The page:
How diverse is the diet of adult South Africans?

Labadarios D, Steyn NP, Nel J - Nutr J (2011)

Percent of the population (with 95th CI) with a dietary diversity score less than 4 according to geographic area.
© Copyright Policy - open-access
Related In: Results  -  Collection

License
Show All Figures
getmorefigures.php?uid=PMC3094278&req=5

Figure 2: Percent of the population (with 95th CI) with a dietary diversity score less than 4 according to geographic area.
Mentions: A comparison of geographic areas (Table 2) showed that urban formal areas had the highest mean DDS of 4.42[CI: 4.34-4.50] while tribal areas had the lowest mean score; which was significantly lower than any other group (p < 0.05) . Just over one third of households nationally and just under two thirds of households in tribal areas had a DDS <4, respectively (Figure 2). After cereals, in all geographic areas, meat and dairy were most commonly consumed food groups. Chi-square analysis showed significant differences between geographic areas, particularly in terms of other fruit ( not vitamin A rich) (p < 0.001); other vegetables ( not vitamin A rich) (p < 0.05); legumes and nuts (p < 0.01); fats and oils (p = < 0.001); meat (p < 0.001); dairy (p < 0.001); and eggs (p < 0.001).

Bottom Line: There were significant differences in DDS by Living Standards Mean (LSM) analysis (p<0.05) with the lowest LSM group having the lowest mean DDS (2.93).The most commonly consumed food groups were cereals/roots; meat/fish; dairy and vegetables other than vitamin A rich.Overall the majority of South Africans consumed a diet low in dietary variety.The tribal areas and informal urban areas were worst affected and eggs, legumes and vitamin A rich fruit and vegetables, were the least consumed.

View Article: PubMed Central - HTML - PubMed

Affiliation: Centre for the Study of Social and Environmental Determinants of Nutrition, Knowledge Systems: Human Sciences Research Council, Cape Town, South Africa.

ABSTRACT

Background: The objective of the current study was to measure dietary diversity in South Africans aged 16 years and older from all population groups as a proxy of food security.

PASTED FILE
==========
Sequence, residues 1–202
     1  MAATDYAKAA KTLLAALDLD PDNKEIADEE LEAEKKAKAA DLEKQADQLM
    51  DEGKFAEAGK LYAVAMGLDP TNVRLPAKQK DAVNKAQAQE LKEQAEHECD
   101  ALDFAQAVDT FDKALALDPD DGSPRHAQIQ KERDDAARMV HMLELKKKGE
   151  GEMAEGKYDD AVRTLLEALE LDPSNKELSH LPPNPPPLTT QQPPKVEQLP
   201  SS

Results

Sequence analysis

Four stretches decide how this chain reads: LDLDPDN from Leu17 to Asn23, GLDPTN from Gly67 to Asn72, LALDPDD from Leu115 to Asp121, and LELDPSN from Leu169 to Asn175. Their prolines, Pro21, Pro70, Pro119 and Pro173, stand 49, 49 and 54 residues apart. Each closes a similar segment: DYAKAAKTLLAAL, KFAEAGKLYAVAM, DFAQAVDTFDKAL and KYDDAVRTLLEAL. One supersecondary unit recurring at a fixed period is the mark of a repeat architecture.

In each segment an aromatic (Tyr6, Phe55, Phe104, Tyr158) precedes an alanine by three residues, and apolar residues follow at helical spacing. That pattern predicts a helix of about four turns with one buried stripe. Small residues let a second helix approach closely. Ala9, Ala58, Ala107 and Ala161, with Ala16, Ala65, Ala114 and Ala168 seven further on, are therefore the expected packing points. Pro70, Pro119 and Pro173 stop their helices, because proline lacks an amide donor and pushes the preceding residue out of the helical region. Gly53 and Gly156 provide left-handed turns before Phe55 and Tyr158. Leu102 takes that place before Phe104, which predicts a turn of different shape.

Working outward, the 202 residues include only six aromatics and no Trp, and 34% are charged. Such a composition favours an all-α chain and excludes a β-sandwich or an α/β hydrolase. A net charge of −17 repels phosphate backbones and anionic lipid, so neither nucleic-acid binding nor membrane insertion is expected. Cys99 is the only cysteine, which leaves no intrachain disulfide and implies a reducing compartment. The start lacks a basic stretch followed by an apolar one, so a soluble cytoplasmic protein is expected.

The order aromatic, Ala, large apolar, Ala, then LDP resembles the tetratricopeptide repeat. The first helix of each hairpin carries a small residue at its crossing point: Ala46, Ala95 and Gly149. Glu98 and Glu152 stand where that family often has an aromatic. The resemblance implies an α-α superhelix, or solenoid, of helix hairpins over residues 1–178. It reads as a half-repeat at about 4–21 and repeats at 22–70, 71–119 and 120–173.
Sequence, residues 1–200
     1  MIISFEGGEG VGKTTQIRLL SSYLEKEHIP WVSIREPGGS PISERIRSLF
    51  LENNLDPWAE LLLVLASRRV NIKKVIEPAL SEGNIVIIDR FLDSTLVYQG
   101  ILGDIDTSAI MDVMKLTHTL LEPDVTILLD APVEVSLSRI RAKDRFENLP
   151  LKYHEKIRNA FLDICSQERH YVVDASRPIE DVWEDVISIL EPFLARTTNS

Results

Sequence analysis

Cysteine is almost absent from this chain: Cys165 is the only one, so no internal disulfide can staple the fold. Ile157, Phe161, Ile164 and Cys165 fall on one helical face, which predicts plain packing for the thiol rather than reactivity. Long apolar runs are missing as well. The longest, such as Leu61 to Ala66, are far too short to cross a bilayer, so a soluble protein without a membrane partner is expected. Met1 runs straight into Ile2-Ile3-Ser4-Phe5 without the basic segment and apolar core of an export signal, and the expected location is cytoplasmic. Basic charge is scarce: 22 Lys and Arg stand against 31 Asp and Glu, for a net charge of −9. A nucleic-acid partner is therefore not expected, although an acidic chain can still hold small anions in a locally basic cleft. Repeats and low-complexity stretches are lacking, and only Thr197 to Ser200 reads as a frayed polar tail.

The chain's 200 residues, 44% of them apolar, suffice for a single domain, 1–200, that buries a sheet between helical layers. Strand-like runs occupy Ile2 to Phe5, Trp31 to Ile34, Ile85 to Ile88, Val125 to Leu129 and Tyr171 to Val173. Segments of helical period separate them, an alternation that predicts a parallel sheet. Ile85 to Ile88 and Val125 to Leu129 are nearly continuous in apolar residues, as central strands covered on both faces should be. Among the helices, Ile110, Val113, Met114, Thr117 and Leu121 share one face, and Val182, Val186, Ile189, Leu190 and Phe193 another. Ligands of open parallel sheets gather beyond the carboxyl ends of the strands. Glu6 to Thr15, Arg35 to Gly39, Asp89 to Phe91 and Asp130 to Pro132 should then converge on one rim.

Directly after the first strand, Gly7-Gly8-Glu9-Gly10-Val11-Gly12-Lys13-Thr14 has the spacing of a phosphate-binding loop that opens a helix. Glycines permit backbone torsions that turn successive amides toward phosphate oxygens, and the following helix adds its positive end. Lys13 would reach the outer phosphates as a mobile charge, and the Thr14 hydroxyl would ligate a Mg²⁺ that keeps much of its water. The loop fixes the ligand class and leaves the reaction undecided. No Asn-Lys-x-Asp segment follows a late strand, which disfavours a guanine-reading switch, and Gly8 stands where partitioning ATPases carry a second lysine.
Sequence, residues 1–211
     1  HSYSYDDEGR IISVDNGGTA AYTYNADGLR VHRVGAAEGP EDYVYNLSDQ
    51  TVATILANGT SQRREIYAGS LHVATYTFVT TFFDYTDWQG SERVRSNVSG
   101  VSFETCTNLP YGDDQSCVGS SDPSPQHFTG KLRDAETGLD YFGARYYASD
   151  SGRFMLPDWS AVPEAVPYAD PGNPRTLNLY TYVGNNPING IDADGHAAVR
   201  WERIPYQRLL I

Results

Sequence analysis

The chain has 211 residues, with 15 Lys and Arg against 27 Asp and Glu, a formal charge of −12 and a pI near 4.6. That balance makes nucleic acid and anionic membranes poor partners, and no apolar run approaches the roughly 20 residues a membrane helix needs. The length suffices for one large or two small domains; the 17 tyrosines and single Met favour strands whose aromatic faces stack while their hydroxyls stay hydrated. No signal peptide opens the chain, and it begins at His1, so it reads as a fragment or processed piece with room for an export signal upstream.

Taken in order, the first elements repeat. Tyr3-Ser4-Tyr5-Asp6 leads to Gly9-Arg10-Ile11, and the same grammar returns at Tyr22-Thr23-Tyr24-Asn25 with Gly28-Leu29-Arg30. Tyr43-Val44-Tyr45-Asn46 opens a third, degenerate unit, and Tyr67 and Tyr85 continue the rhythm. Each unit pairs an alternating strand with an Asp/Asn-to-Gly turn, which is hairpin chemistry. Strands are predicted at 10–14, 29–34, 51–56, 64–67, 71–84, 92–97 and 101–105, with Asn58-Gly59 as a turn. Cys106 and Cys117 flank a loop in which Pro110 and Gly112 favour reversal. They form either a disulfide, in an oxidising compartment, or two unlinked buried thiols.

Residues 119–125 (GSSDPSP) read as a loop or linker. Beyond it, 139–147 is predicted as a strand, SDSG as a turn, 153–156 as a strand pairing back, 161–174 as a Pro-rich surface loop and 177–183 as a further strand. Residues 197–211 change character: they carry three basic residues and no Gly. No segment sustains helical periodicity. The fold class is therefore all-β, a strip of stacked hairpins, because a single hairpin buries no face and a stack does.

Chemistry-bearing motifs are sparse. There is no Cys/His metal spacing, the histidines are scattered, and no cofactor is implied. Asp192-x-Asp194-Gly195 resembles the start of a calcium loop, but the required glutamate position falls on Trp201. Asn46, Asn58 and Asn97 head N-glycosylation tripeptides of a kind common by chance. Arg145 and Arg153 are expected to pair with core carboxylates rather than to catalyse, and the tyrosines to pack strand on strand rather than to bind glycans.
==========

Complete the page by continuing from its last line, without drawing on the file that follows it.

Methods: A cross-sectional study representative of adults from all specified ages, provinces, geographic localities, and socio-economic strata in South Africa was used (n=3287). Trained interviewers visited participants at their homes during the survey. Dietary data was collected by means of a face validated 24 hour recall which was not quantified. A dietary diversity score (DDS) was calculated by counting each of 9 food groups. A DDS<4 was regarded as reflecting poor dietary diversity and poor food security.

Results: The provinces with the highest prevalence of poor dietary diversity (DDS<4) were Limpopo (61.8%) and the Eastern Cape (59.6%). By contrast, only 15.7% of participants in Western Cape had a low score. Participants in tribal areas (63.9%) and informal urban areas (55.7%) were by far the worst affected. There were significant differences in DDS by Living Standards Mean (LSM) analysis (p<0.05) with the lowest LSM group having the lowest mean DDS (2.93).The most commonly consumed food groups were cereals/roots; meat/fish; dairy and vegetables other than vitamin A rich. Eggs, legumes, and vitamin A rich fruit and vegetables were the least consumed.

Conclusion: Overall the majority of South Africans consumed a diet low in dietary variety. The tribal areas and informal urban areas were worst affected and eggs, legumes and vitamin A rich fruit and vegetables, were the least consumed.

Show MeSH
Related in: MedlinePlus